What does it mean to be a chef? The word's meaning in contemporary terms is in itself a bit murky in meaning. Webster defines the word chef as "a skilled cook who manages a kitchen (as of a restaurant)", derived from the French chef de cuisine or "chief of the kitchen". From here, one can look at what the contemporary use of the French word Chef de Cuisine means, namely the individual who actually runs the day to day operations of a kitchen, while whomever else that has been deemed Executive Chef does something else. Today, one sees chefs testifying before congress regarding regulation on food, proselytizing one country or another's culinary heritage on television, foraging for never heard of before herbs in semi forested areas of the suburbs of cities, growing their own vegetables in picture perfect culinary gardens, and (ahem) writing food blogs. At first, there was chef= lead cook of a brigade. Now, there is chef = cook, restauranteur, businessman,celebrity, lobbyist, forager, farmer, writer, self promoter.
The life of a cook was attractive to me first as a lifestyle, before the cooking itself became the reason that I work as a cook. Wary of mainstream society and culture in my early teens, I became increasingly interested in spending my time away from school and conventional social activities. I entered the restaurant industry at 15, and became enamoured with the anti-social, swash buckling pirate-like delinquency of the people that inhabited the kitchen. Late nights, punk rock, cigarettes and bad behavior were the primary motivating factors in my early professional decisions. Over time, I developed a deep appreciation for the craft of my profession, and a real love for cooking that currently fuels my reason to work as I do. I am not alone in this type of origin story, and I often meet other chefs with similar beginnings.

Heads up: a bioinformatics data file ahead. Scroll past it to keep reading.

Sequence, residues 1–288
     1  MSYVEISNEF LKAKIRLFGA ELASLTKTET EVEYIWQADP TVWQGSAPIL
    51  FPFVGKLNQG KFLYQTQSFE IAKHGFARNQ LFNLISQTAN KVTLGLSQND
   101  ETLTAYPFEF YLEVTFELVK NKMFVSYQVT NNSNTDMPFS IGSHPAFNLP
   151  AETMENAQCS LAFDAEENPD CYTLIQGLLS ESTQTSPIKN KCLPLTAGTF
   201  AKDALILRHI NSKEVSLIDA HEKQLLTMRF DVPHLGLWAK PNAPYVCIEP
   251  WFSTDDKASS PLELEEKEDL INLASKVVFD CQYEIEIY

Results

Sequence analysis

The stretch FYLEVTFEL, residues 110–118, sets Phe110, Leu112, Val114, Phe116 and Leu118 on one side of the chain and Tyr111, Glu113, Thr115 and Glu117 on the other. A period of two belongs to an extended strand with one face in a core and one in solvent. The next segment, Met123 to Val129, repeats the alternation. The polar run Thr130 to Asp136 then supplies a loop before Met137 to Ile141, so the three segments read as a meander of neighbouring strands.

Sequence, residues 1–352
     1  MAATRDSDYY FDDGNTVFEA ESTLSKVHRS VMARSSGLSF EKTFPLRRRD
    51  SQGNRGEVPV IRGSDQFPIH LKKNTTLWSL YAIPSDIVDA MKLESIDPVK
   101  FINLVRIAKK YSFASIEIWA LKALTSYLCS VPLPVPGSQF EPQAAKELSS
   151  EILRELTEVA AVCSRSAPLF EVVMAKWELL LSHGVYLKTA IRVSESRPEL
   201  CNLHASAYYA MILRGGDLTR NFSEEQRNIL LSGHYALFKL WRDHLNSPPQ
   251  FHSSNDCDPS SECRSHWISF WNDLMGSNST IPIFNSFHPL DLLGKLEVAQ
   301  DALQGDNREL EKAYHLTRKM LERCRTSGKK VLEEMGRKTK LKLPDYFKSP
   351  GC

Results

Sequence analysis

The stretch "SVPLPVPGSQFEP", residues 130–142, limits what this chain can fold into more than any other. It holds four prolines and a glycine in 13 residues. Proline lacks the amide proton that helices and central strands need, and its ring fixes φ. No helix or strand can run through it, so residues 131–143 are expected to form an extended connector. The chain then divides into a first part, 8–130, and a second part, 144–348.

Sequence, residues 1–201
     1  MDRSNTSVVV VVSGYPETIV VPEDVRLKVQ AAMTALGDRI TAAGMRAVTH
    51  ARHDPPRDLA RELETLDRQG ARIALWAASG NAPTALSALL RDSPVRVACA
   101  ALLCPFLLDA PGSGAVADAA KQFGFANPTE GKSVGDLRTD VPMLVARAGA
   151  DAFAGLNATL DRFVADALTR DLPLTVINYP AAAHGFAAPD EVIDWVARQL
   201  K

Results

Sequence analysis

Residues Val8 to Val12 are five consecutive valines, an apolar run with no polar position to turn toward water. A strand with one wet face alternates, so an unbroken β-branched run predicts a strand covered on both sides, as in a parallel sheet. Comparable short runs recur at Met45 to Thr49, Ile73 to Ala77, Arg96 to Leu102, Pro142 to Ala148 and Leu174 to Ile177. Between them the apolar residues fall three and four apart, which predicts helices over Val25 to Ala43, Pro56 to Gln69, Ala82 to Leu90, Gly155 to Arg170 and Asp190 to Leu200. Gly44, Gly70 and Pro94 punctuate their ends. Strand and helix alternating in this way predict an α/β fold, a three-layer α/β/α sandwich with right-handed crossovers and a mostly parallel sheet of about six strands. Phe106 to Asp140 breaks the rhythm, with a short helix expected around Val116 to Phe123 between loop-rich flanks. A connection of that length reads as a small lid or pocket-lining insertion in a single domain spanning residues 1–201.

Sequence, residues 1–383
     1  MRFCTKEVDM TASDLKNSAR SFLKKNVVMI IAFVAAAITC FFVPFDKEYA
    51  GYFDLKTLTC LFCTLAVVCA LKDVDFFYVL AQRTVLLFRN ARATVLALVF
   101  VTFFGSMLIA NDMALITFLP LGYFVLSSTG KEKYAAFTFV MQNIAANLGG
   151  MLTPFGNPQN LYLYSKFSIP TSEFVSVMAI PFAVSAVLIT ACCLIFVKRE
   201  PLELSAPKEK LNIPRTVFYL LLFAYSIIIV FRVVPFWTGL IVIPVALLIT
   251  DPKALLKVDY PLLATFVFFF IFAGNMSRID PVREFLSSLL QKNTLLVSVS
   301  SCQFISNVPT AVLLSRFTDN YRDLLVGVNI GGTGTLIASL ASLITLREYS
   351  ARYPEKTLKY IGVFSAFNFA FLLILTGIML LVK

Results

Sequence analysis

It is with this in mind that I propose the thought that there is a disparity between what the personality type of a chef typically is: that of an introverted, diligent craftsman who actually prefers toiling endless hours under brutal florescent lights in a windowless room; as opposed to what the current zeitgeist dictates the chef's role to be: the ebullient, always smiling, PR driven, afternoon talk show host ready, jabbering pundit of today. A more disconcerting question to ask is what talent is going unnoticed due to that person's lack of street smarts in the bare knuckle brawl for attention that is today's modern food media? Another concern would be that the more branches a tree grows, the less concentrated the energy of the trunk becomes; chefs might have more tentacles than ever before, yet what does that do to the very heart of the profession, the cooking? With all of the foraging for cattails and edible ants, presentations in Madrid on the lab's findings on the pappyness of foie gras, and the attending of the many award ceremonies the industry now bestowes on itself, when does on find the time to be bothered with it?
I am genuinely grateful that the American public now has ever increasing exposure to what some would term "better living" in food and drink, and I understand that I in turn fare a better chance at being able to continue to make a living cooking as a result of this heightened awareness. Yet, to use the word chef to describe many of our current food personalities of now is at best a touch misleading. The satisfaction of my work, is simply that, the work. It is born out of a desperate need to please, to make people happy, and it is most fulfilled by being by a cutting board or a stove. And if I happen to educate others, change public policy, attract media attention, garner accolades, hock canned soup, or become a better writer by (ahem) writing a psuedo informative blog, great. But I'm still just in it for the food.
*A Happy New Years to all, especially those with the class and good taste to have eaten at L2o in 2012.*